F-Gas Regulations

New F-gas regulations in the EU came into effect on 1st January 2020, so you should be aware of the basics if you work with refrigeration systems. The Fluorinated Greenhouse Gas Regulations ban the use of certain refrigerants if they have a Global Warming Potential (GWP) of more than 2500.

This means that all existing refrigeration units that exceed this limit, such as condensing units with over 10kg of HFC 404A, must comply with the ban. All users of these refrigeration systems can continue to run them until they break down, but technicians legally cannot service or repair them.

Knowing that the UK and EU are phasing down hydrofluorocarbons (HFCs) and other fluorinated gases over the next 10 years, you should have enough forewarning to make the switch to new refrigeration systems now that you can no longer top up your non-compliant units with F-gases.



Which refrigeration systems use F-gases?

F-gases are commonly used as the coolant for older commercial refrigeration units. Therefore, the F-gas regulations will affect retailers and distributors using any of the following refrigeration systems, if their coolant is one of the banned F-gas refrigerants:

SMALL HERMETICALLY SEALED SYSTEMS E.g. ice cream freezers, bottle coolers, standing retail displays with 0.1-0.5kg of refrigerant
CONDENSING UNITS E.g. blast chillers, freezers, and commercial display cabinets in convenience stores
CENTRAL PACK SYSTEMS E.g. large-scale refrigeration equipment in supermarkets with more than 100kg of coolant

Smaller units are not likely to be affected by the current ban, as the amount of refrigerant in their systems will be less than the maximum allowance. The ban will affect any unit that contains the equivalent of 40 tonnes of CO2 (e.g. 10kg of R404A, the most common F-gas coolant).


How do I check for F-gas compliance?

If you haven’t already, then you should check whether your refrigeration systems are compliant immediately. If they aren’t, you could be subject to legal penalties, and repairs and replacements won’t be available for non-compliant units. The labels on your equipment should provide:

  • ⦿ the type and quantity of F-gas it uses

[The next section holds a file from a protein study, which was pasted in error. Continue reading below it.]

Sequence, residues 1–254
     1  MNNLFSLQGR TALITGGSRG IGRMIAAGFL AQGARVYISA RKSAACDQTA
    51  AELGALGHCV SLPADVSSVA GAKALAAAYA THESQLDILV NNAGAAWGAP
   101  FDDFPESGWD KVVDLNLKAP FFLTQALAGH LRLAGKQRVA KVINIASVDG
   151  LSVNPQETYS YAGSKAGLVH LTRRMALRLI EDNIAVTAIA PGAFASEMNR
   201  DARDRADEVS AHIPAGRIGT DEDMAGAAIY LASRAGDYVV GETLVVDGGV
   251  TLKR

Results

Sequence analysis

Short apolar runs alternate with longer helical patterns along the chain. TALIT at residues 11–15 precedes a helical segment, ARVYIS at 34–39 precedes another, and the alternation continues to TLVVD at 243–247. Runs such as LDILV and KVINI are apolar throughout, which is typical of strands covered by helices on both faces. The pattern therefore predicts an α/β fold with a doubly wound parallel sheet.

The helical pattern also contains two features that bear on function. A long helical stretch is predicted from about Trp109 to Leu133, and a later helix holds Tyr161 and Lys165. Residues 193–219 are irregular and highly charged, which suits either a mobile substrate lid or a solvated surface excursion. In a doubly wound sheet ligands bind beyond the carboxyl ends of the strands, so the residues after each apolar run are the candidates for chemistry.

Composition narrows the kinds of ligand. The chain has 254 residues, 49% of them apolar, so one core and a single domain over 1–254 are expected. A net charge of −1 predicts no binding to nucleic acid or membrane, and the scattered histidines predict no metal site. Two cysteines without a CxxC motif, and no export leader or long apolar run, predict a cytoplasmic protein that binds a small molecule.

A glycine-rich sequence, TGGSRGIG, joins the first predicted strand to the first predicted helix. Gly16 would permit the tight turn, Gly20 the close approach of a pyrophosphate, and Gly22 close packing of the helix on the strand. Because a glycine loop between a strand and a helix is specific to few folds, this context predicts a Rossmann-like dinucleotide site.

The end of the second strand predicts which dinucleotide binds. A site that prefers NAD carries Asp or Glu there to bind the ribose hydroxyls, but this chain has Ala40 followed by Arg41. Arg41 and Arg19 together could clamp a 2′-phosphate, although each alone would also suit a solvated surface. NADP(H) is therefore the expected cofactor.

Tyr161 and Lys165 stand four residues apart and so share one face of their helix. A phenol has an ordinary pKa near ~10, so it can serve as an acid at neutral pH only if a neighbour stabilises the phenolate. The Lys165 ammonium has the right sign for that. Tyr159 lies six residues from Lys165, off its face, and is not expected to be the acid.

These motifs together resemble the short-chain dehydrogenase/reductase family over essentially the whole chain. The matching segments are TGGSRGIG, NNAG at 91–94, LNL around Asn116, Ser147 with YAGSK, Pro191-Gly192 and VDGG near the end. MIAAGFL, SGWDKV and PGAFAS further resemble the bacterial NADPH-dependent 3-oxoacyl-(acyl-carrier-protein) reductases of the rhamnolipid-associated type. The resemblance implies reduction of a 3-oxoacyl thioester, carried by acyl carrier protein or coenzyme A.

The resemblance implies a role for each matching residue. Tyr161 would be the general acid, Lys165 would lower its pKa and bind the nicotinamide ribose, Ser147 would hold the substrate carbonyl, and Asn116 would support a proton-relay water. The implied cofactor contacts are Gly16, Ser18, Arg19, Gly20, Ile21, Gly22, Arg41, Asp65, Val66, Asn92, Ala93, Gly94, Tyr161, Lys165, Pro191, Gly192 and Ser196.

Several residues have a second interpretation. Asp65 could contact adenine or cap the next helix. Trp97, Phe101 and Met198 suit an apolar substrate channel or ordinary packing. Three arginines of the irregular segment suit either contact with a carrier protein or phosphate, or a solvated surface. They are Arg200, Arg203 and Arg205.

• ⦿ its Global Warming Potential (GWP)
  • ⦿ the Carbon Dioxide Equivalent (CO2e)

Should there be no F-gas present, the equipment is probably exempt. However, the new regulations definitely apply if there is F-gas with a GWP of 2500 or above, and a CO2e of more than 40 tonnes. If you can’t find this information yourself or the labelling is unclear, consult the manufacturer of your refrigeration equipment. Alternatively, you can hire a qualified maintenance technician to assess the system for you.


What do the F-gas regulations mean for my business?

The phasing out of F-gases marks a revolutionary change for the refrigeration, heating, and cooling industries. These regulations will forever change the way that businesses operate. They not only apply to companies and traders based in Europe but also international businesses that operate within Europe.

The next few years will see a continuous rapid decline in the availability of F-gases and a meteoric rise in prices as the market shrinks and gradually disappears.

The quotas of HFC gases that manufacturers can supply in Europe will be cut to 21% by 2030, with strict regulations already imposed for leak-testing, labelling, and record-keeping. Any owner of a refrigeration system that uses F-gases is now under pressure to reduce or remove them.

If you’re running an old F-gas system that starts leaking, leaving this unrepaired or topping up your system with more F-gas could not only be expensive, but also leaves you liable to prosecution for breaking the law over F-gas emissions.

If your refrigeration equipment uses an F-gas below the ban’s threshold, you may be able to continue with coolant top-ups as normal. However, if your systems fall under the banned categories, then you now have three options for what you’re legally allowed to do:

Use reclaimed or recycled R404A refrigerant Hydrofluorocarbons (HFCs) are exempt from the ban until 2030 if reclaimed or recycled